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Laramie Movie Scope:
Starving the Beast

Higher education, devalued, made into a commodity

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by Robert Roten, Film Critic
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January 27, 2017 -- This documentary film about the deterioration of land grant universities in the United States is part of a larger movement in the United States, funneling more money upwards to wealthy people, in return for declining services like education and research. These policies amount to short term gains which can cause long term national declines.

Wisconsin is on the cutting edge of this movement, not only cutting back state support for higher education, but cutting back tenure protections for professors at state universities. Governor Scott Walker said the move was made to get rid of non profitable professors. He said it would enable the state to hire the “best and brightest” professors. Instead, according to the film, the best professors are leaving to other universities that have tenure protection, and higher salaries.

So how did modern universities change from places of education and research to glorified vocational schools that treat students as mere consumers, to be molded into compliant workers for the corporations who now call the shots?

Political strategist James Carville, speaking at graduation ceremonies at Louisiana State University, opens the film talking about how higher education has gone from being a service provided by governments, to a commodity sold to students (consumers). Carville frames the debate as being between the commodity education proponents like Louisiana Governor Bobby Jindal and low tax proponent Grover Norquist on one side, and Thomas Jefferson, Samuel Adams and Abraham Lincoln (who helped to found land grant universities) on the other side.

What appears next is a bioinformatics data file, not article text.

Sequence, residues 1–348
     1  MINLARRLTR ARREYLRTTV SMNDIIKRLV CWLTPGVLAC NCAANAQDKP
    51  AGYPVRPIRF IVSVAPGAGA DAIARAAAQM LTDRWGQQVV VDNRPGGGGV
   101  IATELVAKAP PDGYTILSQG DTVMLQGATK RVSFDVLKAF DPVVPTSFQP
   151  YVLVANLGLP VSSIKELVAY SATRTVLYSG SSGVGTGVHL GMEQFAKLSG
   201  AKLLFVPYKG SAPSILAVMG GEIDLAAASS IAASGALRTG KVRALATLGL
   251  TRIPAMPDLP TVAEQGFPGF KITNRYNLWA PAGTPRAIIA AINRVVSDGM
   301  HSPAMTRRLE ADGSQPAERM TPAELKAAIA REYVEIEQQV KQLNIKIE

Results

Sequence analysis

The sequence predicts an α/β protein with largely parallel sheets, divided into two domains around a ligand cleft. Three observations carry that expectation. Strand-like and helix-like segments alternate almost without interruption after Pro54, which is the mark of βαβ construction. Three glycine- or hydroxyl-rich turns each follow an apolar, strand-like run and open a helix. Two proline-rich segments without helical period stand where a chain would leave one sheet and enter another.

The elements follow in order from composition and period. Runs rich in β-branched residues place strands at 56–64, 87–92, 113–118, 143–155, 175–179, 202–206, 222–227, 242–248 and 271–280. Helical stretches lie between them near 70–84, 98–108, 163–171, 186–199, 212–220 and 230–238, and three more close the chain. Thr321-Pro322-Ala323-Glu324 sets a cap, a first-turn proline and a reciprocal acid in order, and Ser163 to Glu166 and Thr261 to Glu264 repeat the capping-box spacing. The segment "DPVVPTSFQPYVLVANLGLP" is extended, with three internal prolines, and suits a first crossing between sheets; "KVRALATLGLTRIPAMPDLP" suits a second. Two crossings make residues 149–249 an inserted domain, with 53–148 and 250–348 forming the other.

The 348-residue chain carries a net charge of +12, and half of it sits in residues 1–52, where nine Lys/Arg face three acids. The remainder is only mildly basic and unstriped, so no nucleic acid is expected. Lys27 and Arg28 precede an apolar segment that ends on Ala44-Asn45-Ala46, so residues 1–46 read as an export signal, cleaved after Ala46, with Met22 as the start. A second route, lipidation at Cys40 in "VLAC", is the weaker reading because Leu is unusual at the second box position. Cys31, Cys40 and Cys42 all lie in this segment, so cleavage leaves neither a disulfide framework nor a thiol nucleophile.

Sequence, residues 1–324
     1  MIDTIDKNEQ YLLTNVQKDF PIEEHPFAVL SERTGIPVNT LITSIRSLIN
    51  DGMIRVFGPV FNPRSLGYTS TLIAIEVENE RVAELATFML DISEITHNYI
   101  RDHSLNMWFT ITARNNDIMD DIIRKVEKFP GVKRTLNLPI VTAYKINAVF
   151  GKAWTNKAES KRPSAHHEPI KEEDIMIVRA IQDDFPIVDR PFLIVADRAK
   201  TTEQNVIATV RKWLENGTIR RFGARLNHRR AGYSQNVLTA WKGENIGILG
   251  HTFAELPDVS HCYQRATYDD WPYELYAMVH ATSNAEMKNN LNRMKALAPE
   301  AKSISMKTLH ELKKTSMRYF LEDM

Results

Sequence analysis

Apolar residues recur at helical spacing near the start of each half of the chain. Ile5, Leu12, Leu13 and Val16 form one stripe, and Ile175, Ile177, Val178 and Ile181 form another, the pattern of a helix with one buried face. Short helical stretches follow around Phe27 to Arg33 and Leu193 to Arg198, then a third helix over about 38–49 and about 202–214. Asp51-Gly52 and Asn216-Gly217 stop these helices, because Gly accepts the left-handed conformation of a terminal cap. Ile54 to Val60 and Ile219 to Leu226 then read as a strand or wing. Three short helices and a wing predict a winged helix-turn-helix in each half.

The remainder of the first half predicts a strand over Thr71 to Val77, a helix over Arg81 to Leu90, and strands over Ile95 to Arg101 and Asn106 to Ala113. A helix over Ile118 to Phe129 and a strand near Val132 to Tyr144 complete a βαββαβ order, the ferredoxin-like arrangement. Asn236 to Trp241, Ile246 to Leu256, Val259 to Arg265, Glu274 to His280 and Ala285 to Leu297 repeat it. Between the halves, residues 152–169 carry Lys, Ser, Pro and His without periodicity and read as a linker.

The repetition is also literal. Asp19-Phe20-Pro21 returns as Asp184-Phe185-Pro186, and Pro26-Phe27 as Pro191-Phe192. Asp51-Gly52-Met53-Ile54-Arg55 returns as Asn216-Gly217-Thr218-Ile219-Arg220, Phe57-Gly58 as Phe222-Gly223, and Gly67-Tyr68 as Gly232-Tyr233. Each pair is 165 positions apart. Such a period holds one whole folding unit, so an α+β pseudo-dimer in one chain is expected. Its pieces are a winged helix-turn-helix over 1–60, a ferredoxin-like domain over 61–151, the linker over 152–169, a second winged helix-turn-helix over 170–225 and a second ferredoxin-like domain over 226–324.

The film points out the obvious, as well as harder-to-grasp philosophical arguments over how colleges and universities should be funded and operated. First, the obvious, as state support for universities declines, the tuition goes up. The film shows many instances where the state support declined as a direct result of tax cuts for the wealthy. Cutting taxes for the wealthy to stimulate the economy is an idea with a long history, being championed by wealthy, powerful people and such politicians as President Herbert Hoover and Ronald Reagan, and many Republicans since 1980.

Cutting taxes leads to budget shortfalls, and an easy target for cutting budgets are educational institutions, like universities. These institutions tend to house a lot of liberals, where unpopular people like intellectuals and scientists teach unpopular ideas like liberal politics, evolution and human-caused climate change. Not only that, but they teach subjects like literature, history and philosophy that don't necessarily lead to high-paying jobs. These are easy targets for conservative governors and legislatures.

The film goes into some of the philosophical underpinnings of the current movements to reshape universities into vocational educational institutions, the first being Clayton Christiansen's book, “The Innovator's Dilemma” a book which turned a parable about the decline of the U.S. Steel industry into a simplistic analysis of innovation in business. His ideas about “distruptive innovation” became very popular in the fast changing tech industry.